Earnings after taxation dived to $6.3 billion in 2012, compared with $10 billion in the previous year, AstraZeneca said in a results statement.
Revenues meanwhile tumbled 15 percent to $28 billion and were also expected to experience a “mid-to-high single digit percentage decline” in 2013.
“Our performance in 2012 reflects a period of significant patent expiry and tough market conditions globally,” said CEO Pascal Soriot, who took over late last year.
“Despite the challenges we face, I am excited about AstraZeneca’s fundamental strengths, which will be key in returning the company to growth.”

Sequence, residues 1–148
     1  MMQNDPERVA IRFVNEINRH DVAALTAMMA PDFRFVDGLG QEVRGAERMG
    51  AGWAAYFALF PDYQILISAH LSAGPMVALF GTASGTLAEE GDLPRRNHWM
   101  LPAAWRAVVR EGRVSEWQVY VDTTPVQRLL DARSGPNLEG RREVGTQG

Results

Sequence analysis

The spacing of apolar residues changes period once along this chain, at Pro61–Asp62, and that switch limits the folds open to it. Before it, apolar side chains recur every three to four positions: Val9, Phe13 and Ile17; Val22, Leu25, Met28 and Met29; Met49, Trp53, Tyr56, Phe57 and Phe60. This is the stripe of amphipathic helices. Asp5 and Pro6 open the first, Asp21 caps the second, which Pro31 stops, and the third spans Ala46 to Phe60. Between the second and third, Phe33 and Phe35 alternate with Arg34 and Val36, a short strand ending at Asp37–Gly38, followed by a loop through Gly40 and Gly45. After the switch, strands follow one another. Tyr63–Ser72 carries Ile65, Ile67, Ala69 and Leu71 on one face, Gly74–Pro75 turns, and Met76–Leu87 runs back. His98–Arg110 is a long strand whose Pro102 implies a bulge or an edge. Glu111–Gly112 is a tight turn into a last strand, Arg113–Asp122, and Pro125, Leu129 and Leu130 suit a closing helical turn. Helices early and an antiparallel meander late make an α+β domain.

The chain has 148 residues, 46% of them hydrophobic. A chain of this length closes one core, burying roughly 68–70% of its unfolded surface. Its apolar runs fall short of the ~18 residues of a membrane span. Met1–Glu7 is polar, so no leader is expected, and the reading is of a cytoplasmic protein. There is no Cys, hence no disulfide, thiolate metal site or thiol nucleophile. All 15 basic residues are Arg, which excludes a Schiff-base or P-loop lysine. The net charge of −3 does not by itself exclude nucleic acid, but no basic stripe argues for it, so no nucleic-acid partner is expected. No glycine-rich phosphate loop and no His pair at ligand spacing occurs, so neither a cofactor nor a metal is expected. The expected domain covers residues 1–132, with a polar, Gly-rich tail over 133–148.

The London-listed company faces crucial patent expiries up until 2015 on drugs such as schizophrenia treatment Seroquel and heartburn and ulcer drug Nexium.
It will also suffer the loss of patent protection in the United States for its key anti-cholesterol drug Crestor in 2016.
Soriot was previously a senior executive at Swiss drugsmaker Roche and took up his role at the start of October after the resignation of David Brennan.
Brennan had already announced plans to cut 7,300 jobs by 2014 in a bid to improve profitability at the firm, which has come under heavy pressure in recent years from generic drugs competition.